Soon after I adopted Ashley 17 years ago and began my journey into the world of special needs, I decided to work as hard as I could to make things better for her and other children with disabilities. I served on advisory councils for organizations supporting children with special needs – I was on steering committees whose goal was to make the educational experience better for those children – and I presented on the subject to anyone who asked me to. The main theme I heard from all the experts in the field was ‘systems change.’
To make things better for children with disabilities, we needed to affect ‘systems change’ – change in our educational institutions, change for medical professionals, and change for all the other people who provided support to our special children.
I bought into that concept for many years – thus the reason I always agreed to serve on those advisory councils and steering committees. I truly wanted systems to change – I wanted my daughter and others like her to get the education to which they had a right – I wanted doctors and nurses and therapists to understand my family’s challenges and adjust their thinking on support – I wanted any ‘system’ with whom my child had contact to respect her, challenge her, and believe in her.
Sadly, those 17 years have passed and I haven’t noticed or experienced any significant systems change.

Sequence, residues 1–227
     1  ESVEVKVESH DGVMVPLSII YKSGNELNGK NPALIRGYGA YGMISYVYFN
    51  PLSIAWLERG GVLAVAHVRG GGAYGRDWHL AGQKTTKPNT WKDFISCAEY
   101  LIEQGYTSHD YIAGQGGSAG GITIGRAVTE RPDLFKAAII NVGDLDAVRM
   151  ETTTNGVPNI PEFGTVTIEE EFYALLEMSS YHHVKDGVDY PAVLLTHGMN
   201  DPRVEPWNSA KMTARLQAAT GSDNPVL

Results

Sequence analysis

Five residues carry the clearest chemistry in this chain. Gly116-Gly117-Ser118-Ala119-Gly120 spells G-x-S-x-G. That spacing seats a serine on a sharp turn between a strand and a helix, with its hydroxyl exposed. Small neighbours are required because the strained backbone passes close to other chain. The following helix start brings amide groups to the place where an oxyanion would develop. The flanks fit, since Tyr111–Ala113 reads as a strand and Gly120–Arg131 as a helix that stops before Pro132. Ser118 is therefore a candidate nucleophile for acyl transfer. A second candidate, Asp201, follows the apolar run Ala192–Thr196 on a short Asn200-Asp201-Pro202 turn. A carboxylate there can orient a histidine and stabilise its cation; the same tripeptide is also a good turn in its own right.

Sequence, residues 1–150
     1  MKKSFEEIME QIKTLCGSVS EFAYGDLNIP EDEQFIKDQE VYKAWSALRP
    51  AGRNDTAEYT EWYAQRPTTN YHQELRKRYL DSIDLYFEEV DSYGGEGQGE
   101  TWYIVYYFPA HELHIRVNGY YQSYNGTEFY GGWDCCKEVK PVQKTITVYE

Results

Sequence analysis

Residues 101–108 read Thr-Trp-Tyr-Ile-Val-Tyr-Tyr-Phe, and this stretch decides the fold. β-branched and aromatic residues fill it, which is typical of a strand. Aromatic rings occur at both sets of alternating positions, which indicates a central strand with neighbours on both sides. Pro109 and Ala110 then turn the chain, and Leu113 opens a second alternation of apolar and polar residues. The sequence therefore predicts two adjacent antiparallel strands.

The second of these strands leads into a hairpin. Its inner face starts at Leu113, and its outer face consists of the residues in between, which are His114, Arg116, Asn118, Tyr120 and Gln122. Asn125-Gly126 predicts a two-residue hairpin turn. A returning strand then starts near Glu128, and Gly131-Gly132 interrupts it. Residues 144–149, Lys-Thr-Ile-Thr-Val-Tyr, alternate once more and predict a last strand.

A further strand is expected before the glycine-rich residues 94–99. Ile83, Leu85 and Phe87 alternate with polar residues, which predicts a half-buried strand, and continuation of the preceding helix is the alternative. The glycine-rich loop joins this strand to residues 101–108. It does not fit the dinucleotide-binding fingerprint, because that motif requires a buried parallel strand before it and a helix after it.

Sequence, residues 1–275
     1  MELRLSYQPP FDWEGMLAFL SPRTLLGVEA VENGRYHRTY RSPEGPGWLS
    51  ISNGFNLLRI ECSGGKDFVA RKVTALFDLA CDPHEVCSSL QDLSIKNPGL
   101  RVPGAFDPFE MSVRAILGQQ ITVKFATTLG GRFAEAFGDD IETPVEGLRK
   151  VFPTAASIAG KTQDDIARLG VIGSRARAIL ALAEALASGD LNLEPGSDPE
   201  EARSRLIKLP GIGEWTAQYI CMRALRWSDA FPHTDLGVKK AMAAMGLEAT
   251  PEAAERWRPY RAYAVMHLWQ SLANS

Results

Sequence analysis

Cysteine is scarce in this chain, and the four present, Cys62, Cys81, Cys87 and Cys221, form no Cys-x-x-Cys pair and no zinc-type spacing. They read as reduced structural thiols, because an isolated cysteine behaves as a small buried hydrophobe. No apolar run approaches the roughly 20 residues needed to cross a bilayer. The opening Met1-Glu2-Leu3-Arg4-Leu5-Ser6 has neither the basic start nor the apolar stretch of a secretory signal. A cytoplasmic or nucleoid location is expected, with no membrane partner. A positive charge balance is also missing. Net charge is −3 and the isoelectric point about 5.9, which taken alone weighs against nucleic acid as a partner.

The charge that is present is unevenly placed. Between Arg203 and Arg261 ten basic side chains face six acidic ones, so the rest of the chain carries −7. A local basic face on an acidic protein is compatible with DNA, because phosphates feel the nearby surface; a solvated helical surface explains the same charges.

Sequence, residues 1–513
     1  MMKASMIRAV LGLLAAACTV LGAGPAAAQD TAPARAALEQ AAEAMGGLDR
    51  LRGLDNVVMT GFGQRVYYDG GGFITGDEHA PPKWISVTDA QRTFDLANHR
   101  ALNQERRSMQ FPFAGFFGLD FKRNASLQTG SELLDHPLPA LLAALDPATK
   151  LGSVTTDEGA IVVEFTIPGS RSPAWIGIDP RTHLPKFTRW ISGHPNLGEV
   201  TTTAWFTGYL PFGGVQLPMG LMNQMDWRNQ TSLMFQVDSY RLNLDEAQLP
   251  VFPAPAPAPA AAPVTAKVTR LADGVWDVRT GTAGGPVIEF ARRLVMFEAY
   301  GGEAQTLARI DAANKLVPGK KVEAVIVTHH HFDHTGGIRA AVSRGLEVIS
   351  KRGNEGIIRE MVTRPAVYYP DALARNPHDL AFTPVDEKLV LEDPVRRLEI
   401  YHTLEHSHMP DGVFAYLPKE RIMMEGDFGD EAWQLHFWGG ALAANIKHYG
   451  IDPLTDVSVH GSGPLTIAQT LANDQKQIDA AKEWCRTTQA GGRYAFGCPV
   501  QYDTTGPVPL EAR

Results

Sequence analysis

But that doesn’t mean that everything has been bad for Ashley. Yes, the elementary and middle school years were bad, but high school has been wonderful. Since I haven’t really seen any systems change (my school district is back to sending all the deaf children to the same school, all the children with autism to the same classrooms, etc.), I wanted to figure out why things have been good for Ashley in high school. And I think I have.
We haven’t affected any changes in our systems as a whole, but what we have done is touch the hearts of some of our teachers, and in the process affected positive change in that way. What has made the high school years great for Ashley and for my son, Ronnie, is that they have teachers who believe in them, teachers who want them to succeed, and teachers who are willing to go that extra mile to understand their unique learning needs.
I no longer serve on the advisory councils and steering committees. I have very few conversations with the ‘systems’ and organizations that support my children and other children with disabilities. What I do have in open, honest conversation with my child’s teachers. As a result, the teachers also do not see a ‘system’ of children in their classroom – they see individuals with unique qualities – individuals that need to be taught in individual ways. They see Ashley…and Ronnie….and all the other children in their classrooms and they are committed to doing the best job possible for those students.
That, dear readers, is positive change, change that will make a wonderful difference for my children and the children that come after them. While I want my children to be seen as individuals, I believe teachers also want to be seen as individuals, not lumped into systems which may be flawed, but unique individuals who want what is best for their students. Those teachers will be the ones who lead our systems forward, and I am so very grateful to have met some of them!